So Long, Jerry Seinfeld

So Long, Jerry Seinfeld

In recent years the last episodes of certain long-running sitcoms have become a major cultural events in American life. Record numbers of us turn on our television sets to watch what is going to happen to people who have been part of our lives for a decade or more. It doesn’t matter that the people we are worrying over were invented by a team of writers and then market tested before we got to know them. Like the characters in a serialized Victorian novel, they’re people we’ve grown attached to. Often they have been more revealing of themselves than friends or family.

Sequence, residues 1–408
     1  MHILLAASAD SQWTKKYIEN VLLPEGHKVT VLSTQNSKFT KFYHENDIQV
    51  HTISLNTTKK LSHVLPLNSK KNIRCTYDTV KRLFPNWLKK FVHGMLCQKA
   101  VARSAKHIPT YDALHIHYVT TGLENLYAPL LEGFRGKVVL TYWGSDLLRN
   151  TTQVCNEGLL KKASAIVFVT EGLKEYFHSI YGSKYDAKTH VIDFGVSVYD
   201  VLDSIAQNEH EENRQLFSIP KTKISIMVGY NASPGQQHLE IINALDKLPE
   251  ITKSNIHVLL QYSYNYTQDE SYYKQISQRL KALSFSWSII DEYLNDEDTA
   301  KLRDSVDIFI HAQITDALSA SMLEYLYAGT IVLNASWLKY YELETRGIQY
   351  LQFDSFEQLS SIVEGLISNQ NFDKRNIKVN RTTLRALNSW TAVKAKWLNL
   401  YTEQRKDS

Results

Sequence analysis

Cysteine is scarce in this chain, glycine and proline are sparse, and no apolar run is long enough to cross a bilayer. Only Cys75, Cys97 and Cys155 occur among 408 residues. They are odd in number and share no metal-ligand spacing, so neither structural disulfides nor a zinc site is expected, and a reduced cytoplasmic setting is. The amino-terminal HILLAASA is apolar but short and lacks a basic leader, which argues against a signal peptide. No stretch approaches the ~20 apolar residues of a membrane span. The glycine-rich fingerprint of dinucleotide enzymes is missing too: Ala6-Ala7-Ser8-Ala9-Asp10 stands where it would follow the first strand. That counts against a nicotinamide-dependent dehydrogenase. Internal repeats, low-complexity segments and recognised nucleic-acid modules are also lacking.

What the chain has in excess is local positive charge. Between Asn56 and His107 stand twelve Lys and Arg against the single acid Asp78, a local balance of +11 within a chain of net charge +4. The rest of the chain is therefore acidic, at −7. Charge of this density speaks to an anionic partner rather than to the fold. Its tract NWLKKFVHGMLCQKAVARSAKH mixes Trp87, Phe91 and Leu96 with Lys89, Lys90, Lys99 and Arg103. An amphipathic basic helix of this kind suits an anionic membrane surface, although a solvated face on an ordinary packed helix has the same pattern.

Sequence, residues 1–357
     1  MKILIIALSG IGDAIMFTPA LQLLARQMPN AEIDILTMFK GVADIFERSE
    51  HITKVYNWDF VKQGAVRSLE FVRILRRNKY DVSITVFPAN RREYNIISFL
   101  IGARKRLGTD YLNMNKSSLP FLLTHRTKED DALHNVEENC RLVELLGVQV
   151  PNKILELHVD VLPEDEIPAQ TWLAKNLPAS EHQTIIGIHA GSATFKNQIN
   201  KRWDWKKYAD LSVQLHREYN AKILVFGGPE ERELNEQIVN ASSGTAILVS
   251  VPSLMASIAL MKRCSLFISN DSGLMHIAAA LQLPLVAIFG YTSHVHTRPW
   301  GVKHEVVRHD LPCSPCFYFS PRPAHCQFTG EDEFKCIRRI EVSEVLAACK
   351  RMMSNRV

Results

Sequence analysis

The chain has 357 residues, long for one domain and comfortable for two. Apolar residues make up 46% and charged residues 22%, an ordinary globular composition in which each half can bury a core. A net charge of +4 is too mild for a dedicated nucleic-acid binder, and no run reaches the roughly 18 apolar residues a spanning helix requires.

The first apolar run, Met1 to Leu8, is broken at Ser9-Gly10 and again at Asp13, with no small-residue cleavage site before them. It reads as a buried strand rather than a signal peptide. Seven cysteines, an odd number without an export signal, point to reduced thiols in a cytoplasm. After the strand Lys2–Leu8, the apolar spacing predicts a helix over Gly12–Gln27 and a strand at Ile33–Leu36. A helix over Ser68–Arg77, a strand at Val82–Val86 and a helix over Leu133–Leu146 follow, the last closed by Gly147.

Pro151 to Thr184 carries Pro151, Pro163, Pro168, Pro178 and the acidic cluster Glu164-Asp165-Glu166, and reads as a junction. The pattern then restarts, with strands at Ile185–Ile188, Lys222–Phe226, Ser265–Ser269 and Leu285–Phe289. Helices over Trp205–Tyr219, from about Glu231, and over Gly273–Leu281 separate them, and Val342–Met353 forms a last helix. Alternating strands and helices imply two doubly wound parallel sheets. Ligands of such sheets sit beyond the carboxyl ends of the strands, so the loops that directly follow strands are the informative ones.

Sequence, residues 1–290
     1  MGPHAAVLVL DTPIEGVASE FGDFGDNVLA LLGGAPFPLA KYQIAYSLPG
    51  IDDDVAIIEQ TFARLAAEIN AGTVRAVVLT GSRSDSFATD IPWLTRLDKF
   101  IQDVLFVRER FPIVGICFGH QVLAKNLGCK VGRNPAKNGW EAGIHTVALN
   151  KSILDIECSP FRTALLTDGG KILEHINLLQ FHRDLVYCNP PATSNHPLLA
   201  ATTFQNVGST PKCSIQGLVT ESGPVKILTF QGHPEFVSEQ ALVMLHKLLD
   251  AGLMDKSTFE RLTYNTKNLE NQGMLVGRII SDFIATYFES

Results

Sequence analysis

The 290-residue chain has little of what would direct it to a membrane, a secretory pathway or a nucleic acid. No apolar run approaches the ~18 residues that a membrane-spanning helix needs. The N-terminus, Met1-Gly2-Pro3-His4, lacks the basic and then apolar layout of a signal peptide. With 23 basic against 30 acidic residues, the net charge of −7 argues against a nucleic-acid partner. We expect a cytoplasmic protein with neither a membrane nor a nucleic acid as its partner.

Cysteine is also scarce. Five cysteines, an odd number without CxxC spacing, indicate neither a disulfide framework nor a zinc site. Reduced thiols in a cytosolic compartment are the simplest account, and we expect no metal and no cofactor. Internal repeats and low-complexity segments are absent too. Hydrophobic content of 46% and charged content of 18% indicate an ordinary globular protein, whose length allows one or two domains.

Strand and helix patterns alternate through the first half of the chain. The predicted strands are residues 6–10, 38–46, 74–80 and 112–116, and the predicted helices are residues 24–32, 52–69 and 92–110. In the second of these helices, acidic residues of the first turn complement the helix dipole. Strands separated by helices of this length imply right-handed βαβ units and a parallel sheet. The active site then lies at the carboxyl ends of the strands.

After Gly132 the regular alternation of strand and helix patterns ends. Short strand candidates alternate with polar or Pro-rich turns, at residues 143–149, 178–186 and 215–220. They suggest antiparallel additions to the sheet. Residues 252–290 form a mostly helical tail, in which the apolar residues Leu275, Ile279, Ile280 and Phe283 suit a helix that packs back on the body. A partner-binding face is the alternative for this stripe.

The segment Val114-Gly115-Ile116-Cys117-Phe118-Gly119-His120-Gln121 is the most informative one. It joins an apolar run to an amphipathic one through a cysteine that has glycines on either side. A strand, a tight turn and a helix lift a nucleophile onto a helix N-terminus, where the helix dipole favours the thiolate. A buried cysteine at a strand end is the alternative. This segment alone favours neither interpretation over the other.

The end of the Seinfeld show this May, like the much-watched endings five and fifteen years ago of Cheers and M*A*S*H, turned out to be another television milestone, drawing an estimated seventy-six million viewers as well as a tribute from Vice President Al Gore, who, during his commencement speech at New York University, observed, “Today marks the end of a significant episode, a day when you say good-bye to a strange assortment of people who have somehow become close friends. Yes, it’s truly special to be here in New York—for the end of Seinfeld.”

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